Strangers try to lure two international students into van: Police identify one suspect

Police are investigating two alleged attempts to kidnap two female international students in the Dover area.

In both attempts, men were seen asking the students to get into a van.

The driver in one of the cases have been identified and is assisting with investigations.

The first case on Jan 11 involved a United World College (UWC) South-east Asia Dover campus middle school student who was waiting for her bus along Dover Road.

In a letter that was issued to parents by the school, UWC said that the girl was approached by a man driving a van, who asked the student to get into the vehicle.

"The student took exactly the right action: she did not respond, walked away in the opposite direction of the van, and informed a known adult," said the letter. She and her parents filed a police report that night.

The second incident took place on Tuesday (Jan 16) at 12.30pm, involving a female student from Tanglin Trust School, which is located 2.5km away from UWC. She was walking to school from one-north MRT station when she was approached by two people in a white van to get in.

A school spokesman told The Straits Times that she ignored them and continued to walk to school.

The two occupants of the van then got out of their vehicle and continued to entice her but she moved away quickly and arrived at school safely.

Both schools have sent out letters to parents about the incidents, while the children have been briefed on appropriate measures to keep themselves safe.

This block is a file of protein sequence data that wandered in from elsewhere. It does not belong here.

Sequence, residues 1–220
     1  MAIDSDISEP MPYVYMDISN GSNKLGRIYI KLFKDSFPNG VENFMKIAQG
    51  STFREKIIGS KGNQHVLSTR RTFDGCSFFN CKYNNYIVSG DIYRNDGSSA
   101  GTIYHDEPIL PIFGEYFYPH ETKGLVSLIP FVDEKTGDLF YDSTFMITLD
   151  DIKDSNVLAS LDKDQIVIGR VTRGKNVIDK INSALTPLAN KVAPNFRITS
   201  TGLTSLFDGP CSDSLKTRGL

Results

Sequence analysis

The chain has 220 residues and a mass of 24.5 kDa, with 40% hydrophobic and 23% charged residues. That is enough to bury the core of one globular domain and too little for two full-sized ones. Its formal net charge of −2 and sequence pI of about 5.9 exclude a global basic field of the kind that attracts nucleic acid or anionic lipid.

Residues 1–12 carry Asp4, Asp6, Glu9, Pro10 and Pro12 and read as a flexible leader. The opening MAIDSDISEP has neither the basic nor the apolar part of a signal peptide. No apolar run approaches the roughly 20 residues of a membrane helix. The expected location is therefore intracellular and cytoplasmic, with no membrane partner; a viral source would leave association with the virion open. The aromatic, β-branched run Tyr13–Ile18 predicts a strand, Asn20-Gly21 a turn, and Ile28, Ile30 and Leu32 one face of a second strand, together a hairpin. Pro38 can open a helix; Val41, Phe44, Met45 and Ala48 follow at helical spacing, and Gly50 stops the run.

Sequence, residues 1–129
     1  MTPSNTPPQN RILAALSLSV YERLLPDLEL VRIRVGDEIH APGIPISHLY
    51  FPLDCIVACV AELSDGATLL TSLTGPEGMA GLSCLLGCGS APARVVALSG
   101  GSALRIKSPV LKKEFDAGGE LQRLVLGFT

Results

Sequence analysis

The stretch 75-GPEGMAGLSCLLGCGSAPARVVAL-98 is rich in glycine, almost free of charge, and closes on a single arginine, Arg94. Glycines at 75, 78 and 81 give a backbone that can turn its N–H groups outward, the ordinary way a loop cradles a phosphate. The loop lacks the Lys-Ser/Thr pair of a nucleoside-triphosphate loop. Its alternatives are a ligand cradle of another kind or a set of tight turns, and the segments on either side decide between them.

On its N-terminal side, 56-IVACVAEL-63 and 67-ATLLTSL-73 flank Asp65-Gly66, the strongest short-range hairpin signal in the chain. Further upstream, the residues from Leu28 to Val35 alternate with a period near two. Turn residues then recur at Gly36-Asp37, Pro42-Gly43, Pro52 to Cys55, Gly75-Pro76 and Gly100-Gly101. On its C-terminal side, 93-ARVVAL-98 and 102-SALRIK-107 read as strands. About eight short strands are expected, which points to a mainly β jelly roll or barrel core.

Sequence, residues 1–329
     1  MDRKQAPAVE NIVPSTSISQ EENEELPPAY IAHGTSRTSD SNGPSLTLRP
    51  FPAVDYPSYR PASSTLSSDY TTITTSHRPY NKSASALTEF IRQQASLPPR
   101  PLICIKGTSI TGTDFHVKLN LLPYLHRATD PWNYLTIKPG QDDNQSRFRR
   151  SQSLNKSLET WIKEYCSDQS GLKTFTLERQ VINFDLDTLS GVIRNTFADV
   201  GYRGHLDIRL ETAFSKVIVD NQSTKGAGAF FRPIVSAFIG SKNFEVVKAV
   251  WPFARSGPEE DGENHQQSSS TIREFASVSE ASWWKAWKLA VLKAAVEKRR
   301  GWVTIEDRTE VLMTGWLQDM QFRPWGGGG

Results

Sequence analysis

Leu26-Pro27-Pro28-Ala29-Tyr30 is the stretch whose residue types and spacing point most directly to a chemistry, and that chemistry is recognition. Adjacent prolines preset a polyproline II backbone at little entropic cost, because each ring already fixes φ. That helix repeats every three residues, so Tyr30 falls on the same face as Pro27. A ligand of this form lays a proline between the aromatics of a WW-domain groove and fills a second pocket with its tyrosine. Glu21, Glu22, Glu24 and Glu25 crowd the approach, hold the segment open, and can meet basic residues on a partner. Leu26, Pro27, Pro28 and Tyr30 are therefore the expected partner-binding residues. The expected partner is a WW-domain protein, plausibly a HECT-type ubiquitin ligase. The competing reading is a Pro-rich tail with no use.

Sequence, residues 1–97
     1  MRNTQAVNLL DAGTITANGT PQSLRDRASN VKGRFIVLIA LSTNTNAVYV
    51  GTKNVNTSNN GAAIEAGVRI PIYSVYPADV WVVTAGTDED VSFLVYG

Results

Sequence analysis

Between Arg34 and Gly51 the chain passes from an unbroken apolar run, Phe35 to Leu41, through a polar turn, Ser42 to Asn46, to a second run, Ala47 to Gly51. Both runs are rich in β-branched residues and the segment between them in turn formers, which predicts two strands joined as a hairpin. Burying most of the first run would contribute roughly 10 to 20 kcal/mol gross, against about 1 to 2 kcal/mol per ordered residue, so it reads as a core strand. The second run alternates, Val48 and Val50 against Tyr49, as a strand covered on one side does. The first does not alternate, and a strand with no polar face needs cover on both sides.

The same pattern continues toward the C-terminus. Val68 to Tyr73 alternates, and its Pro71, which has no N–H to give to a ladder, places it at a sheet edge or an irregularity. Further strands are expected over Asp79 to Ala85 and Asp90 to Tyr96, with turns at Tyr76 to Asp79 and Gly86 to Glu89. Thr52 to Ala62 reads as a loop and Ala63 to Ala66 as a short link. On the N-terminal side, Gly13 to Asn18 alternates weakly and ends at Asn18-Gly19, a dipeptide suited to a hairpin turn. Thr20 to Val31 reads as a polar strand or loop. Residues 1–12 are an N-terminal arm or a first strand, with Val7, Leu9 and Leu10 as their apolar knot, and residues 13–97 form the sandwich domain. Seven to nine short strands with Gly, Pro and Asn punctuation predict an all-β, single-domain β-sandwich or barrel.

For example, Tanglin Trust School advised parents that "students should not walk alone in the vicinity of the school but walk with friends".

A UWC spokesman said the school also informed schools in the area and other international schools.

One international school here, Dulwich College, has alerted parents following the two incidents.

In a letter sent out on Wednesday (Jan 17), the school added: “We are indeed blessed to live in a country which is regarded as one of the safest in the world. However, low crime does not mean no crime and we urge you and your children to be vigilant, now and always.”

High school students from UWC said the school informed them briefly of the incident during an assembly on Monday (Jan 15) and told them to walk away and inform an adult if a stranger approaches them.

A 15-year-old UWC student, who only wanted to be known as H.D., said the school has always taught its students what to do when approached by strangers like in the recent cases. "We're aware enough not to get into a stranger's vehicle. It's common sense," she said.

The police are appealing to the public not to speculate on the cases as investigations are ongoing.

Read the full story on The Straits Times.

The Straits Times

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